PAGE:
NMDGF Conservation News
The latest conservation news and press releases from New Mexico Game and Fish. Department-wide news can be found under Home → NMDGF News.
Mexican wolf population gets genetic boost with a record 20 captive-born pups cross-fostered into wild packs
Mexican wolf population gets genetic boost with a record 20 captive-born pups cross-fostered into wild packs PHOENIX – The Mexican wolf recovery effort recently got a genetic boost when biologists from the Arizona Game and Fish Department (AZGFD), New Mexico Department of Game and Fish (NMDGF), and Mexican Wolf Species Survival Plan (SSP), with extensive logistical support from the U.S. Fish and Wildlife Service (USFWS), worked together to cross-foster 20 genetically diverse wolf pups from captive facilities across the U.S. into litters of wild wolf packs. Over a six-week period in April and May, 12 pups were fostered into four different packs in eastern Arizona and eight were fostered into three packs in western New Mexico. Cross-fostering is a proven method used by the Mexican Wolf Interagency Field Team (IFT) to increase genetic diversity in the wild Mexican wolf population. It involves placing genetically diverse pups less than 14 days [...]
New Mexico Department of Game and Fish Public contact, Information Center: (888) 248-6866 Media contact, Tristanna Bickford: (505) 476-8027 firstname.lastname@example.org FOR IMMEDIATE RELEASE, MAY 20, 2020: Public reminded to leave young wildlife alone SANTA FE – Spring in New Mexico is an exciting time for wildlife. This is the time of year when most babies are born. The New Mexico Department of Game and Fish reminds the public to leave alone any deer or antelope fawns, elk calves, bear cubs or other wild animals they may find. Most young-of-the-year wildlife that people discover are simply hiding while awaiting their parents’ return from foraging nearby. Removing these young animals can cost them their lives, Orrin Duvuvuei, Department deer biologist, warned. “For about a week after birth, young wildlife exhibit hiding behaviors to avoid detection and increase their chance for survival. You might think it has been abandoned, but in reality, the [...]
Following is a selected project highlight from the Share with Wildlife mission to assist all New Mexico wildlife in need, no matter what species. New Mexico Wildlife Rescue Inc.’s Holiday Wild Event Do you want to learn more about how wildlife rehabilitation works and about some of the raptors that migrate through New Mexico? Do you want to know what you can do if you find a bird or other animal that appears to be sick or injured? If you live in the Albuquerque area, then Wildlife Rescue Inc. of New Mexico is the place to call to get your questions about injured or orphaned wildlife answered and the place to visit in after Thanksgiving for their Holiday Wild event Holiday Wild sign. (Ginny Seamster) Wildlife Rescue is based at the Rio Grande Nature Center State Park and has a vast network of trained wildlife rehabbers who they [...]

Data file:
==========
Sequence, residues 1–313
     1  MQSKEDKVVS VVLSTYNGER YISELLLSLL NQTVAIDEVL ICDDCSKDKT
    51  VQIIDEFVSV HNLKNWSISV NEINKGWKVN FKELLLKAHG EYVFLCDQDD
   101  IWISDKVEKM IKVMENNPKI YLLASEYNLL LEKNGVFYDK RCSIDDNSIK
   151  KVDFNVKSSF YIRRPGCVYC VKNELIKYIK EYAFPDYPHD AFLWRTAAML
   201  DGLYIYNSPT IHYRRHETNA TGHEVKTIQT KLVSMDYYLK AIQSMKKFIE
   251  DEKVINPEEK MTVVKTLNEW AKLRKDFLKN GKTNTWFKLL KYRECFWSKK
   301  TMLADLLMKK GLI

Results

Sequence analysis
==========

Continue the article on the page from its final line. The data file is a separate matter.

New Mexico Department of Game and Fish Public contact, Information Center: (888) 248-6866 Media contact, Tristanna Bickford: (505) 476-8027 email@example.com FOR IMMEDIATE RELEASE, MAY 6 2020: Citizen Advisory Committees to meet virtually to recommend Habitat Stamp projects SANTA FE – The New Mexico Department of Game and Fish has scheduled statewide Habitat Stamp Program Citizens Advisory Committee virtual meetings for 2020. Citizen advisors will prioritize proposed Habitat Stamp projects for the next fiscal year. The public is welcome and encouraged to attend the following regional Citizen Advisory Committee virtual meetings: Southwest: May 20 at 10 a.m. Central: May 20 at 1 p.m. Northwest: May 21 at 2 p.m. Northeast: May 27 at 10 a.m. Southeast: May 27 at 1 p.m. Information about how to pre-register and attend these Zoom virtual meetings will be available on Friday, May 15 on the Habitat Stamp Program webpage, http://www.wildlife.state.nm.us/conservation/habitat-stamp/. Participants can utilize desktop computers [...]
Following is a selected project highlight from the Share with Wildlife mission to assist all New Mexico wildlife in need, no matter what species. Combining History, Hydrology, and Wildlife Ecology What did the Rio Grande look like 2,000 years ago? How has the river and surrounding habitat changed over time? What are Species of Greatest Conservation Need (SGCN)? What are some SGCN that live along the Rio Grande? These are all questions that the Bosque Ecosystem Monitoring Program (BEMP) in Albuquerque is working with students in central New Mexico to answer. BEMP, using funds from the Share with Wildlife program, has been working to integrate information on SGCN into their existing classroom- and field-based activities that focus on the Rio Grande and it’s surrounding (i.e., riparian) habitat. BEMP works with thousands of K-12 students every year and to enrich the environmental science education that these students receive. The lessons they [...]